Both were post-June 8, 2011 hacks by LulzSec / AntiSec – namely FBI and likely multiple other US / UK intelligence agency projects – for propaganda narrative purposes. If the FBI or other agencies were instructing Sabu to wage a PR campaign against Stratfor during or after the hack, that would also be a violation of the Smith-Mundt Act of 1947, which barred the government from engaging in domestic propaganda, which was still on the books during and immediately after the Christmas Eve hack but, as a sign of the times, rescinded a year and a half ago.

    Sabu, were he to talk openly and come clean, could free the entirely innocent Barrett Brown and the clearly entrapped Hammond. He could expose the entire false flag and show the American people how these Orwellian surveillance programs have nothing to do with “keeping us safe,” but
    rather, managing narratives and creating desired political or other outcomes.

    The out of control on Steroids and PCP National Security State Cult government can’t re-charge him for things he has already pled out to. Sabu can bring the whole Orwellian system of monitoring and government abuse of the law down with one interview.

    * It must be noted that Judge Loretta Preska, Jeremy Hammond’s judge, is the same Deep State regime judge who declared Iraq and 9/11 Whistleblower Susan Lindauer, the second American to be held in indefinite detention under the mis-named PATRIOT Act after Jose Padilla, to be mentally incompetent to stand trial, despite all of the government doctors evidence to the contrary, to prevent her facts and evidence from being entered into a courtroom (

    * Has there ever been an employee / intern class action law suit against the government or the company?

    • Avatar chef69 says:

      With ALL the information you have ,, you should write a book !! and get it out to the normal public

    • Avatar therealamericro says:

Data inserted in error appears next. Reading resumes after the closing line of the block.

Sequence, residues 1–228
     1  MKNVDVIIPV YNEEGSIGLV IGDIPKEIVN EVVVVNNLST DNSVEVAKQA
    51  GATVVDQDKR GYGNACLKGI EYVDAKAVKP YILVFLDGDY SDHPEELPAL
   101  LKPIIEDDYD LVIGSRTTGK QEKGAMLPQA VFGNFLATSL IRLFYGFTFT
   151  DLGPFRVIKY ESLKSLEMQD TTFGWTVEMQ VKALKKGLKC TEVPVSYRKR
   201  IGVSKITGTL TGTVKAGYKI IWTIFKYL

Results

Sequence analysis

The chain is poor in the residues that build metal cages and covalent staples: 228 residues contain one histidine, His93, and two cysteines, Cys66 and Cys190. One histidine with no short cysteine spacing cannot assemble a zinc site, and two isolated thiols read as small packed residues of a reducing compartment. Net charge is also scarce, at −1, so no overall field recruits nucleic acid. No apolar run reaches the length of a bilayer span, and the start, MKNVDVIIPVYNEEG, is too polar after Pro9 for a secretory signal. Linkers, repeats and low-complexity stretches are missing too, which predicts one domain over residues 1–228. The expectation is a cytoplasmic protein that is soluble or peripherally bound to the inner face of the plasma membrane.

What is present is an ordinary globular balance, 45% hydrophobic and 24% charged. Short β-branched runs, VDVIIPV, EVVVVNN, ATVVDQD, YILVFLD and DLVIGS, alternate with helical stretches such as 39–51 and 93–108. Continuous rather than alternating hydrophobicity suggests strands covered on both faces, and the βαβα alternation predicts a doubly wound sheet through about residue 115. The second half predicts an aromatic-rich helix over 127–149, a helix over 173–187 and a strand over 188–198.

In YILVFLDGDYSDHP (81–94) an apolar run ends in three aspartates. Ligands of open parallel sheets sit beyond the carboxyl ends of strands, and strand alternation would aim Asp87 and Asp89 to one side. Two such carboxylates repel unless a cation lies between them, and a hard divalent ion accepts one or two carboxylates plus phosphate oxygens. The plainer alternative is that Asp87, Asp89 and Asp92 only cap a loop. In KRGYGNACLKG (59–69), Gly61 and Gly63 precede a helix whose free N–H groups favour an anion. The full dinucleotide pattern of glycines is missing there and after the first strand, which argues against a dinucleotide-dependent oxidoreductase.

Thanks. The thought has crossed my mind, believe me. Much more to the Brown story than the Main Stream Media narrative lets on. I hope Christian Stork, Douglas Lucas and team dig into the Brown case even further. Especially considering that it is the Brown investigation that Mr. Hasting’s last, post-humous piece, was an introduction to, and then he was killed by pure “coincidence” with the drive train and engine ejected over 100 feet away from the tree he had a head on collision with.

      A good start would be FOIA requests on all conversations between Sabu and his government handlers, as well as between all government agents and agencies on Stratfor after June 8, 2011 through to the arrest of all AntiSec members worldwide.

      A second would be an FOIA request for ALL the FBI provided servers, as all info on them is subject to FOIA requests.

      The Stratfor hack as well as the FBI-led AntiSec hacking spree was and remains an amalmagation of abuse of all surveillance powers the unconstitutional, mis-named “PATRIOT” Act, as well as NDAA, provide the room for abuse for.

      Government initiated, monitored and materially assisted cybercrime to stifle dissent, take down targets they whose views they don’t like, take down a CIA director with abuse of surveillance powers and providing a perception management and media parallel construction regarding Petreus’s free-time sex life, and have a counter-intelligence bonanza at the expense of mostly US citizens, and the Constitution and Bill of Rights.